After the Texas missing tiger saga, owning a big cat as a house pet might become illegal in the US

Tales of Bengal tigers on the loose, like the one found roaming a Houston front yard last week, may soon be history if a bipartisan bill becomes law.

The Big Cat Public Safety Act would largely ban people from owning lions, tigers, cheetahs, leopards, cougars and jaguars as house pets.

Zoos and sanctuaries would be exempt, as would people who already own big cats — as long as they register their animals promptly.

“Additionally, the bill would prohibit public petting, playing with, feeding, and photo ops with cubs,” the Animal Welfare Institute said in an April statement.

“Breeders often separate mother cats from their cubs immediately after birth, leading to physical and psychological harm as it interrupts the mother-cub bonding process and taxes cubs’ underdeveloped immune systems. It is stressful and frightening for the cubs to be passed around in crowds of people, and the handlers often physically abuse them to force them to ‘behave.’ The profit derived from encouraging the public to handle and pose with cubs is the primary driver of surplus tigers flooding the exotic animal trade in the United States and results in untold numbers of animals being subjected to trauma and abuse.”

The bill passed the House of Representatives 272-114 in December. But the Senate didn’t take up the bill before the end of the congressional session.

Now the bill has been reintroduced in the Senate, where Democrats have a slim majority. Animal welfare and public safety activists are calling on Congress to pass it this year, to prevent tigers from winding up as dangerous house pets in the future.

“This has become kind of commonplace in Texas,” said Carole Baskin, founder of Big Cat Rescue and star of the Netflix series “Tiger King.”

“Tigers are hardwired to roam hundreds of square miles, so there’s no cage that’s going to be sufficient for them. And the only reason that people have tigers as pets is to try to show off to others.”

She called on senators, particularly those from Texas, to support the Big Cat Public Safety Act after a 9-month-old Bengal tiger named India was spotted walking in a Houston residential neighborhood on May 9.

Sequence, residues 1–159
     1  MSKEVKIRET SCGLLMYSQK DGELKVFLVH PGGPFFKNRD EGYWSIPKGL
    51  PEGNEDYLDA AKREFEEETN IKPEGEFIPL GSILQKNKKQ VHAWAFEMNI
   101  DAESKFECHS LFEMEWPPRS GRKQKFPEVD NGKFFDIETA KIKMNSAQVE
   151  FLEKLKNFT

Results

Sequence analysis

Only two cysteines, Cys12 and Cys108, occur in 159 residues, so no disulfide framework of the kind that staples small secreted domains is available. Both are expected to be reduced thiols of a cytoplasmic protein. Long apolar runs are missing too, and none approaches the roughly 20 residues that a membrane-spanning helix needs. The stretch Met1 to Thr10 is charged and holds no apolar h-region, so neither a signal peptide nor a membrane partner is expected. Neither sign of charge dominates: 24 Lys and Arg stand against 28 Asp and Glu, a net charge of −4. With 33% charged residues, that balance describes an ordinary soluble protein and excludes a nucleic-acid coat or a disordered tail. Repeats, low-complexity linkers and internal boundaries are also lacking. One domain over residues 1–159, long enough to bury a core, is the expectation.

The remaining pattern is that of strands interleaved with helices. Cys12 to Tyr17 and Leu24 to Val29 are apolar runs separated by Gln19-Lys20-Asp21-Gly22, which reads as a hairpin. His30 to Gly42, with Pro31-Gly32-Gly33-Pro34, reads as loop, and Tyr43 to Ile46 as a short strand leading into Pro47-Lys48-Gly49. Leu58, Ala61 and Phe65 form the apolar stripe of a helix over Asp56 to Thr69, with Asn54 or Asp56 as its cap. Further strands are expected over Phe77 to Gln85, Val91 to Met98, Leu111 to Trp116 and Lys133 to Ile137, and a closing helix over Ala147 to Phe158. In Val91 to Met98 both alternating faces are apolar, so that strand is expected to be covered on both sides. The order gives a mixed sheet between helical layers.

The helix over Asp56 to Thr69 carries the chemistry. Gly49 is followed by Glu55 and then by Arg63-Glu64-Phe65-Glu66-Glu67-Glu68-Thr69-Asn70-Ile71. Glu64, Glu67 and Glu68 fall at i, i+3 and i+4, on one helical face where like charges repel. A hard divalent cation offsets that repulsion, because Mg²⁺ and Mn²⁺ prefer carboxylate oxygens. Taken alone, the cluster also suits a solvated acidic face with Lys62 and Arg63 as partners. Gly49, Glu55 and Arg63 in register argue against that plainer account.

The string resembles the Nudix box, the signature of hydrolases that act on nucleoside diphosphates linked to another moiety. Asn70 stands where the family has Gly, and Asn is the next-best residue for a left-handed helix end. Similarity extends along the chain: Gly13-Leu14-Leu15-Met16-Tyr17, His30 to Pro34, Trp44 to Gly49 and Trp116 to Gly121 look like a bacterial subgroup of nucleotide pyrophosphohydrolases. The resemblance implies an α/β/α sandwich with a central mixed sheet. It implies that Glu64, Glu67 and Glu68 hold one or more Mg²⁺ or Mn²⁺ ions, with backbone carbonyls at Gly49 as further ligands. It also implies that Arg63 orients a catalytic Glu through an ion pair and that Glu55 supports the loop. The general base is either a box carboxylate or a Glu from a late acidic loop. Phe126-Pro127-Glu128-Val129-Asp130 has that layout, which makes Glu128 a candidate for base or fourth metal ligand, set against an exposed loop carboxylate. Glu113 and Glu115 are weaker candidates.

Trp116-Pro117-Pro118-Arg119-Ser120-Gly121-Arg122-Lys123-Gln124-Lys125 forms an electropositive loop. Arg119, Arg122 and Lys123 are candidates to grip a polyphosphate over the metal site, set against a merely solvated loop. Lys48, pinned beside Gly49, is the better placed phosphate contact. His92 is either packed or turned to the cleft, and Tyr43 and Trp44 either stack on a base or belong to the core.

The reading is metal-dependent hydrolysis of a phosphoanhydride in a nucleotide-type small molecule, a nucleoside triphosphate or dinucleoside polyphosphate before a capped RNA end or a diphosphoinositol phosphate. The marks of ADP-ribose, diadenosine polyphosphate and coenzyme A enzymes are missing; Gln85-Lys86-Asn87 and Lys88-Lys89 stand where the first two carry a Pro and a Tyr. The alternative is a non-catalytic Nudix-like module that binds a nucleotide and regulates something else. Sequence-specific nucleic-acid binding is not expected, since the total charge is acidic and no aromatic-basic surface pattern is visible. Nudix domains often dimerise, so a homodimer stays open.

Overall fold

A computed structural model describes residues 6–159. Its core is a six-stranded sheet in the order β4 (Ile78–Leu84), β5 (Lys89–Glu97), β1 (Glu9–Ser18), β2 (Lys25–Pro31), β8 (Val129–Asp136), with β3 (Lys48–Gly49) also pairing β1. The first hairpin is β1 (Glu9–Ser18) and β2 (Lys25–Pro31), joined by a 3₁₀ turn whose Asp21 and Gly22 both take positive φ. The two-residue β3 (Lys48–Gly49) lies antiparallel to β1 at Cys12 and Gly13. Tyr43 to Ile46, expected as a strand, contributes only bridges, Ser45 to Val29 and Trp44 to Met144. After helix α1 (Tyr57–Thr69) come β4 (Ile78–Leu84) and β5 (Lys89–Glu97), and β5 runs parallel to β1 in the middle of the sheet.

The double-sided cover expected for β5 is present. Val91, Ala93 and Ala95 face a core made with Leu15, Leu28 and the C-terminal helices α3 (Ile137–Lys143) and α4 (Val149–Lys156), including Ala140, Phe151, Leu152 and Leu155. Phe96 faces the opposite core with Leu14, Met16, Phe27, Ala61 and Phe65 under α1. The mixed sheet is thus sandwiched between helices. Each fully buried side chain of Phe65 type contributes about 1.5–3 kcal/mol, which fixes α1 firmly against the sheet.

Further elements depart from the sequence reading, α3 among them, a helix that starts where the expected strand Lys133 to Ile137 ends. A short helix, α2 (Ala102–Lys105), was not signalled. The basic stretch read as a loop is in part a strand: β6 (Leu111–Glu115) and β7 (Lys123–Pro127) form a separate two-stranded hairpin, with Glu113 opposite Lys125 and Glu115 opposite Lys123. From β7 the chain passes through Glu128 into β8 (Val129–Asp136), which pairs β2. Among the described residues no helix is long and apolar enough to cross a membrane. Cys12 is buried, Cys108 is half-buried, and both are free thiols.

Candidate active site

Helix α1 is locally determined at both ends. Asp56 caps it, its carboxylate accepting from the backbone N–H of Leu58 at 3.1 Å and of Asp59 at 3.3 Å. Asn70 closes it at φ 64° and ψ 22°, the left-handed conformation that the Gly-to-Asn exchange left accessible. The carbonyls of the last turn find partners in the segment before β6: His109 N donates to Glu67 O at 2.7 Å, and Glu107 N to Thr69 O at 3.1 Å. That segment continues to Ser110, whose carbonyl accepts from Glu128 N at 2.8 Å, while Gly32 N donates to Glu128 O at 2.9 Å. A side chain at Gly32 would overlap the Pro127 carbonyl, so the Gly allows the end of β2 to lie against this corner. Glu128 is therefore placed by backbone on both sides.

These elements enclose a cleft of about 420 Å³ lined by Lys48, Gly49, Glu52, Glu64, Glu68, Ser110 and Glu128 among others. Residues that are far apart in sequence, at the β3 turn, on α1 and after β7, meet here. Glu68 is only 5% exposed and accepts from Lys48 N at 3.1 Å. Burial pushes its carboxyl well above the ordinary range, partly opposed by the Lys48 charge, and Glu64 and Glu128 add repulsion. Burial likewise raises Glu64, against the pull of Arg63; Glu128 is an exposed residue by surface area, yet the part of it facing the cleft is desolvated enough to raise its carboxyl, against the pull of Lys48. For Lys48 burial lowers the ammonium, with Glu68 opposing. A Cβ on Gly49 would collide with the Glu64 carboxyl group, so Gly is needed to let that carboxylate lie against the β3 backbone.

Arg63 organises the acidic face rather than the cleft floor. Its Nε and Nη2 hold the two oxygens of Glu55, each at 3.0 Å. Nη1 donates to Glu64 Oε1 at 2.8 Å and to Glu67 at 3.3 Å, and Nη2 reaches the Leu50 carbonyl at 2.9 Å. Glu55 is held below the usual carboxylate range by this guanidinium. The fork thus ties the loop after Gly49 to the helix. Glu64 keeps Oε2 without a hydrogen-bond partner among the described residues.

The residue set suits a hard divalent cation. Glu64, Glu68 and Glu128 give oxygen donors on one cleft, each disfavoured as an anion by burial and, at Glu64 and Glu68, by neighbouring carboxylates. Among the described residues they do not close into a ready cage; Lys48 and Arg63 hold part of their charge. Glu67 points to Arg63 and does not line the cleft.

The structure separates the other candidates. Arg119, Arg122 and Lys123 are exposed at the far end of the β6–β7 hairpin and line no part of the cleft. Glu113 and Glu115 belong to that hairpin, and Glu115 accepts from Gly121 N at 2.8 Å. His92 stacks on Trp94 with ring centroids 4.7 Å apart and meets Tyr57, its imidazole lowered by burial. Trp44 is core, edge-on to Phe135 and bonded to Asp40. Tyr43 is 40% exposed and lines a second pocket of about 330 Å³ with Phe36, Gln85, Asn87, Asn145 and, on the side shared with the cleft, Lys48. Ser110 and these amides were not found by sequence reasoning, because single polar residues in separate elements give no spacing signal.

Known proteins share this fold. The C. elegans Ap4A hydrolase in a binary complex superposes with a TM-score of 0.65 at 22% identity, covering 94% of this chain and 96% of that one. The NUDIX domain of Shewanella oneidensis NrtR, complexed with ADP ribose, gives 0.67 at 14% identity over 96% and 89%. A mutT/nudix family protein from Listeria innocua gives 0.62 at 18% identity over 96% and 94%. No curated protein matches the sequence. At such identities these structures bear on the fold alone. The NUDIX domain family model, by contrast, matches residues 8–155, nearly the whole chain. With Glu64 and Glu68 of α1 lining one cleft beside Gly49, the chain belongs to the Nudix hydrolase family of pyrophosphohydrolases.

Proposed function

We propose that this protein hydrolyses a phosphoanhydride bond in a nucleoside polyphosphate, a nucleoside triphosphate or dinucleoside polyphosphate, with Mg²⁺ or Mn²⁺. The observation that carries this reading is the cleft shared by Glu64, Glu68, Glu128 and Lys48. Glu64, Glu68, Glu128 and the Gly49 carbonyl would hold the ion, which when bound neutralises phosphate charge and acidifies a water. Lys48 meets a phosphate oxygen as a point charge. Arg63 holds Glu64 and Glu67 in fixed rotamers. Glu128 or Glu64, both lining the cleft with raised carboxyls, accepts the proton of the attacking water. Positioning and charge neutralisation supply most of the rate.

After a man put the tiger in an SUV and drove away, authorities and the public had no idea where the tiger was for days.

While Texas law does allows private ownership of a tiger with certain restrictions, the city of Houston bans it.

Six days after India went missing, the tiger was turned in to authorities on Saturday, Houston Police said.

In this case, both the tiger and the public were extremely lucky.

“We are happy to report that the missing tiger seen in a Houston neighborhood last week has been found and appears to be unharmed,” Houston Police wrote in a tweet on Saturday.

Even though India wasn’t fully grown, the tiger already weighed 175 pounds and was “extremely powerful,” Houston Police Commander Ron Borza said.

“If he wanted to overcome you, he could do it instantly,” Borza said.

“In no way shape or form should you have an animal like that in your household. That animal can get to 600 pounds. It still had his claws, and it could do a lot of damage if he decided to.”

On Sunday, India was taken to Cleveland Amory Black Beauty Ranch in Murchison, Texas. The animal sanctuary is owned and operated by the Humane Society of the United States.

“We are staunch supporters of the Big Cat Public Safety Act, which would limit private ownership and public contact with these dangerous animals,” said Noelle Almrud, senior director of the sanctuary.

She said it costs about $10,000 to $20,000 a year to feed and care for a tiger.

“We have over 800 animals, over 40 different species. Most have come from cruelty, neglect or law enforcement seizures,” Almrud said.

While juvenile tigers like India might seem cuddly and playful now, “as an adult, he can be deadly,” Almrud said.

“It’s our goal to not have these animals as pets. They do not belong in people’s homes. They belong in the wild.”

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